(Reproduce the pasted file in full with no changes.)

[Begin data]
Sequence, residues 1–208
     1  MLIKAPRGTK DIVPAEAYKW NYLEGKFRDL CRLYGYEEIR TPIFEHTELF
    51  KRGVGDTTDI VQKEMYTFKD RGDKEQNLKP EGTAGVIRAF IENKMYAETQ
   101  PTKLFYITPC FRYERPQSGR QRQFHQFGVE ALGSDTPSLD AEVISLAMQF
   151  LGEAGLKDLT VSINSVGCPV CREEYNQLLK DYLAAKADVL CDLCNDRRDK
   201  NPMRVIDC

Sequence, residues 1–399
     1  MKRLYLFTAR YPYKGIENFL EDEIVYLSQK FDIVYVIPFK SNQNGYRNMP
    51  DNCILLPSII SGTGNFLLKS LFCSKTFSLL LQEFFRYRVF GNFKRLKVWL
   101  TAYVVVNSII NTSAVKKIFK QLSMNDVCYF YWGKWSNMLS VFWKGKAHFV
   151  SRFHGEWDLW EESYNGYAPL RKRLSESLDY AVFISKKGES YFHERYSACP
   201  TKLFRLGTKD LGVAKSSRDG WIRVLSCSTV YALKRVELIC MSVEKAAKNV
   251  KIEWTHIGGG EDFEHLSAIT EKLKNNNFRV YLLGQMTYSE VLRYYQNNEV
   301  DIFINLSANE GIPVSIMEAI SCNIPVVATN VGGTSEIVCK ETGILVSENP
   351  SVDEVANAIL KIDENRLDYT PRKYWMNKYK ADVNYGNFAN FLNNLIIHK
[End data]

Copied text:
Sequence, residues 1–208
     1  MLIKAPRGTK DIVPAEAYKW NYLEGKFRDL CRLYGYEEIR TPIFEHTELF
    51  KRGVGDTTDI VQKEMYTFKD RGDKEQNLKP EGTAGVIRAF IENKMYAETQ
   101  PTKLFYITPC FRYERPQSGR QRQFHQFGVE ALGSDTPSLD AEVISLAMQF
   151  LGEAGLKDLT VSINSVGCPV CREEYNQLLK DYLAAKADVL CDLCNDRRDK
   201  NPMRVIDC

Sequence, residues 1–399
     1  MKRLYLFTAR YPYKGIENFL EDEIVYLSQK FDIVYVIPFK SNQNGYRNMP
    51  DNCILLPSII SGTGNFLLKS LFCSKTFSLL LQEFFRYRVF GNFKRLKVWL
   101  TAYVVVNSII NTSAVKKIFK QLSMNDVCYF YWGKWSNMLS VFWKGKAHFV
   151  SRFHGEWDLW EESYNGYAPL RKRLSESLDY AVFISKKGES YFHERYSACP
   201  TKLFRLGTKD LGVAKSSRDG WIRVLSCSTV YALKRVELIC MSVEKAAKNV
   251  KIEWTHIGGG EDFEHLSAIT EKLKNNNFRV YLLGQMTYSE VLRYYQNNEV
   301  DIFINLSANE GIPVSIMEAI SCNIPVVATN VGGTSEIVCK ETGILVSENP
   351  SVDEVANAIL KIDENRLDYT PRKYWMNKYK ADVNYGNFAN FLNNLIIHK